4. see i always feel scared to try new products especially as theyre going on my face most the time i fear i will spill out in spots and it hits my anxiety really bad so i try not to do it all x

  5. Although the press are scrutinised, when it comes to beauty, magazines are just regurgitating press releases. Unless they are quoting hard facts and figures, it’s just opinion, so there’s not a lot that can be scrutinised there. I don’t see them as any different from some of the bigger beauty bloggers at all. It tends to be the smaller ones who aren’t compensated in the same way that I trust.

    1. Yeah I don’t doubt that they get a million and one press releases a day, but articles like this have much more authority from trained professionals. It’s fine to have a second opinion, but bloggers aren’t experts that’s what the piece is saying.

  6. I think the important thing for people to remember is that beauty bloggers are not experts (usually) and that any advice is taken with a grain of salt. I do think though that the majority of people look to beauty blogs for opinions on products although I guess that perhaps teens would not realize that and could be swayed by promises of miracle “recipes” that some bloggers might promote.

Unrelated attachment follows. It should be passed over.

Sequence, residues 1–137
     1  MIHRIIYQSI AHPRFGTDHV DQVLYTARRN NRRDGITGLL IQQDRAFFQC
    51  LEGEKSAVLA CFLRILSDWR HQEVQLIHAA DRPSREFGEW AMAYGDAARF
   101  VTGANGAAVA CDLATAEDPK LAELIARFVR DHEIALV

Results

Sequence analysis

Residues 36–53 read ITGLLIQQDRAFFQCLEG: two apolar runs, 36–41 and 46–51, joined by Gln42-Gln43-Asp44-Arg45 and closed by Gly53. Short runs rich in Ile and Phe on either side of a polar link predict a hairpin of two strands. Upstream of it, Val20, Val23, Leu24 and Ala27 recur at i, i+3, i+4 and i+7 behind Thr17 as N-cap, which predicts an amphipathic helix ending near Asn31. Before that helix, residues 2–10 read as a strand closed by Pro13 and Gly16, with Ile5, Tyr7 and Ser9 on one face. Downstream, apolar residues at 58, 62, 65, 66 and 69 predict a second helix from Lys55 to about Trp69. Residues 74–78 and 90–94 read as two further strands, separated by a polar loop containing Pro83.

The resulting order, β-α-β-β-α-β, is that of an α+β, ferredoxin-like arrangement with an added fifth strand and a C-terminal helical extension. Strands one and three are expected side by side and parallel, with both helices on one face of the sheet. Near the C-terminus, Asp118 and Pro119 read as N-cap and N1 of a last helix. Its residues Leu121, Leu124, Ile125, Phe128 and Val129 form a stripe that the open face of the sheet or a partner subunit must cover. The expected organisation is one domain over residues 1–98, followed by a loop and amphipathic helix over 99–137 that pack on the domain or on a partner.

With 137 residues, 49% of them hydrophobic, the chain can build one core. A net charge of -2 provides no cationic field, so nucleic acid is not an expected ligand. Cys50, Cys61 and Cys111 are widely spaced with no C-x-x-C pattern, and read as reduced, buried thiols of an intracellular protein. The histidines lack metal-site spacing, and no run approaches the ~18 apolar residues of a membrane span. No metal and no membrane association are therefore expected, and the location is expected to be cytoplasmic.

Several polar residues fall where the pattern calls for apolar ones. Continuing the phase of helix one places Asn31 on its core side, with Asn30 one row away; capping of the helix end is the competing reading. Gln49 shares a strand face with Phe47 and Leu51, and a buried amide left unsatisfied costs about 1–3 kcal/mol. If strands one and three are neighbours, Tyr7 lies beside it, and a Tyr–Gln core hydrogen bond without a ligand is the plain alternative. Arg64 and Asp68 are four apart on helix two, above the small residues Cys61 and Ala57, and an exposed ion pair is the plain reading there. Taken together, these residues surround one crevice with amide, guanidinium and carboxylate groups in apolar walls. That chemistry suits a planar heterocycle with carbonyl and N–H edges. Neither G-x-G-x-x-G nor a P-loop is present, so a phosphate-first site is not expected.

7. Your completely right, after all we are not experts and are only offering our personal opinion. I can’t believe that blogger about tumeric, I make a lot of curries and can attest the fact that tumeric does stain like a bitch x

  8. As a beauty blogger I completely agree so therefore it is important that I caveat all my posts to say I am not an expert and I only write what I think of a product. I try to give only facts (ingredients, consistency, price) when describing the product and I often point out what the brand have said so no to misquote anything. Other than that I think it’s important to hear from real people what they ‘think’ of a brand because a lot of the time that is why I read a blog. To have an opinion. Needless to say though, I actually don’t get sent anything and everything is bought with my hard earned cash. Would that mean I wouldn’t accept items…not in the slightest…but making it clear I have would maybe help people decide their own opinion x